Entering this season, first-year Marvin Ridge boys tennis coach Julie van Olden said there was a surplus of questions surrounding her Mavs squad and a shortage of answers. After all, five of last season’s six top players that led the Mavs to a Class 3A runner-up finish and an 18-3 record had graduated. Due to solid roster numbers over the past few seasons, van Olden knew there would be a relative amount of depth to fill out her lineup, but wasn’t sure about how strong her team would be at the all-important top spots.
But freshman George Lovitt soon provided the solution.
“It was wonderful to see George come out and hit (during tryouts),” said van Olden. “He just blew away everyone.
“Glimpsing him from that first day, it was like, ‘Yes! This is going to be a great season!’”
What followed was one of the most impressive freshman seasons in recent Union County history. After earning the top spot in the Mavs’ lineup, Lovitt led led Marvin Ridge to a 14-2 record and the third round of the Class 3A playoffs. Individually, he compiled an 18-3 overall singles record, including an 8-0 mark in Southern Carolina 3A/4A conference play in which he won 96 of his 106 total games played. Lovitt also advanced to the Class 3A singles tournament, where he fell in the second round to the eventual state champion, Robert Kelly of Raleigh Cardinal Gibbons.
For his precocious performance, Lovitt is Union County Weekly’s 2013 Boys Tennis Player of the Year.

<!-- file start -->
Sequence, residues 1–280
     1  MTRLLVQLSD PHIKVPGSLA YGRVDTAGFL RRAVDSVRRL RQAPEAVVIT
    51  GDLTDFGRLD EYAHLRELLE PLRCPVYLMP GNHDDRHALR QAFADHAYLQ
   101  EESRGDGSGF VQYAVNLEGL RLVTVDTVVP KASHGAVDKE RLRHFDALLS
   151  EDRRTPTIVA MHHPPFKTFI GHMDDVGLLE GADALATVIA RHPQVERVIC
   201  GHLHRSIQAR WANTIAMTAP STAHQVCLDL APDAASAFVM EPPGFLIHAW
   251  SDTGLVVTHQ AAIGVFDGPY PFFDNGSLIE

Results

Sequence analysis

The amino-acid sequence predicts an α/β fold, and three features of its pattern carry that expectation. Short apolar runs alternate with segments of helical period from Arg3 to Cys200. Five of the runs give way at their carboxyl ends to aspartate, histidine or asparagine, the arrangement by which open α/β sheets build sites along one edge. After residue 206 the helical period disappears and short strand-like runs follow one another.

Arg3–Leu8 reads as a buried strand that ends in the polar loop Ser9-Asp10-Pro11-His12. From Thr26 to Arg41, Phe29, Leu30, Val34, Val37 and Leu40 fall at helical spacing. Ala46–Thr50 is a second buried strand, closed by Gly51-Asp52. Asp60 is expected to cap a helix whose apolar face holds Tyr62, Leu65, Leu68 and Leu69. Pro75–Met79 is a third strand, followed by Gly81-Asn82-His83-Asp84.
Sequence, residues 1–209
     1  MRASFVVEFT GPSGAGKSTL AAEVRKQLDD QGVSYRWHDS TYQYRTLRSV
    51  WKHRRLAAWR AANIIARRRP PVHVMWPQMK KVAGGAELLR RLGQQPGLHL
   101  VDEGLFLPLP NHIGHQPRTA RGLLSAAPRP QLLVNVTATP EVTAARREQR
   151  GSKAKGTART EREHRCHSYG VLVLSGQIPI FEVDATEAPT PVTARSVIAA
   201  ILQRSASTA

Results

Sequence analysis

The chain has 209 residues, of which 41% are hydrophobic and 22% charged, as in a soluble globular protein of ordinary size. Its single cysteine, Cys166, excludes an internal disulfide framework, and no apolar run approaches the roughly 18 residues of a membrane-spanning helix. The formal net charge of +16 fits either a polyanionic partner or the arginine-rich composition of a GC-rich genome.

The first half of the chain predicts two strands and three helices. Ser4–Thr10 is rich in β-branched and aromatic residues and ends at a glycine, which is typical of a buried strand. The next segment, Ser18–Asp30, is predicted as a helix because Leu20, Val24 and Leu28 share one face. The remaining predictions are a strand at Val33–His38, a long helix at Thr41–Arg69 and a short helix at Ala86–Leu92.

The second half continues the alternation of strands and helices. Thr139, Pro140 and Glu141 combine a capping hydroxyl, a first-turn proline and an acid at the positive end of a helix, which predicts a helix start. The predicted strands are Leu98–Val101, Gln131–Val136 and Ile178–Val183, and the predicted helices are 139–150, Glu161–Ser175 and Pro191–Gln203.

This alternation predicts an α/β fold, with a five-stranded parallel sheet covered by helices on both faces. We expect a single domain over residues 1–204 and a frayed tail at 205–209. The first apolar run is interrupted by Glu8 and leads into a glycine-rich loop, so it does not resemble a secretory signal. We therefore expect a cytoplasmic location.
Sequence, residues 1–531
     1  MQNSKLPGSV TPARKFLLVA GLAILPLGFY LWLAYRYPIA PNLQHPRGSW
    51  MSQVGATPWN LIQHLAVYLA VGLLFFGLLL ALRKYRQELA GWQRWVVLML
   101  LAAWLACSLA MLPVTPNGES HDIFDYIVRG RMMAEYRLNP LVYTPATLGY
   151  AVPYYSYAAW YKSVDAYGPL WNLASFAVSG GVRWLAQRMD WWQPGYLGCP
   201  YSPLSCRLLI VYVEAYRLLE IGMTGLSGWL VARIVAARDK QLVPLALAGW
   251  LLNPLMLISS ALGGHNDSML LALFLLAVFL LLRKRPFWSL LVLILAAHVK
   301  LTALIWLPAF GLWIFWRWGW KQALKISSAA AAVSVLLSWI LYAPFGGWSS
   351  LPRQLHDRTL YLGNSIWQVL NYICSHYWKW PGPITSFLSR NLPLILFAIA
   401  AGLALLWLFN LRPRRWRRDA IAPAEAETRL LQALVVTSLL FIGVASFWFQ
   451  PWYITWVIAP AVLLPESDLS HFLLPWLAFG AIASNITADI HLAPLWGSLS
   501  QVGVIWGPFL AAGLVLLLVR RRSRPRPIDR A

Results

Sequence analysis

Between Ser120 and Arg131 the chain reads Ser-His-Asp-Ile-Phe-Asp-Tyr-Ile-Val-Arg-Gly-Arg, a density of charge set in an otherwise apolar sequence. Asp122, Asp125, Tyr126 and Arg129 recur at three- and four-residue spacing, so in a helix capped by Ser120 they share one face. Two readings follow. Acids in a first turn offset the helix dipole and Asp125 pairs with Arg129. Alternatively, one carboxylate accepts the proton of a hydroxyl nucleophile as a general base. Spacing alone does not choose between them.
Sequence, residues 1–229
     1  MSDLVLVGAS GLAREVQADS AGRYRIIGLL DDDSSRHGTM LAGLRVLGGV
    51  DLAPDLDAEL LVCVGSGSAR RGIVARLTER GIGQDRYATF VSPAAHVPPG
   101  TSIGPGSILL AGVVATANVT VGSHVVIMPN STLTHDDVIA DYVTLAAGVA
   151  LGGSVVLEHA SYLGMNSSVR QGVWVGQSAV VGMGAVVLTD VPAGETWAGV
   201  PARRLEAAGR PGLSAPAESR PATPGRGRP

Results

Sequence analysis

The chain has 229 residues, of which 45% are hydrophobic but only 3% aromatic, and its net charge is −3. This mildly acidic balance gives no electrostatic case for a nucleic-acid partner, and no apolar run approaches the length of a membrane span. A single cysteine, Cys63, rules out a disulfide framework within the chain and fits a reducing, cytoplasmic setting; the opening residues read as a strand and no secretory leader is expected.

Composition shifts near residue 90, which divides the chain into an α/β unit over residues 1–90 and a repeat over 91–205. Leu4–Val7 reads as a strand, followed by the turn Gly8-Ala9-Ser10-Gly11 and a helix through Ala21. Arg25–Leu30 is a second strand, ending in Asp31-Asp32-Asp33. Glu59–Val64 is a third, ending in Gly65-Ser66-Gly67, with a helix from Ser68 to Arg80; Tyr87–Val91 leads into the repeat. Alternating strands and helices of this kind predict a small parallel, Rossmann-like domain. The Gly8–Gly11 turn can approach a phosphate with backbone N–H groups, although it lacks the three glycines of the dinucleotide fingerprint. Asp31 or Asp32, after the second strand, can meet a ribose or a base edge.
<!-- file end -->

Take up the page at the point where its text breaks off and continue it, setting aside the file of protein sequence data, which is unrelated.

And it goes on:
Lovitt said that, although he was placed in a pressure-packed situation by earning the Mavs’ No. 1 spot, he used it as motivation to make the most of his opportunity.
“From the start I had confidence I could do well and play well at my line and help the team out,” Lovitt said. “I just tried to stay focused (on the fact) that I have a team here and I need to win.”
Lovitt began playing tennis when he was 4, but split his time with hockey until three years ago. While the sports are in many ways polar opposites, Lovitt said his time on the ice has directly contributed to his success on the court.
“I think footwork-wise, it really helped,” Lovitt said. “There are similar moves you have to make with starting and stopping. I think hockey definitely helped my tennis movements. I think that’s why I’m a quick tennis player.”
And, like his beginnings in hockey, Lovitt hopes his freshman season at Marvin Ridge has set him up for even bigger things in the future.
“I think they’re going to be good, possibly better,” said Lovitt of the years to come. “I hope to do better and possibly win states and stuff like that, and try to take my teams to the finals and try to win it. I definitely think that’s possible in the next three years.”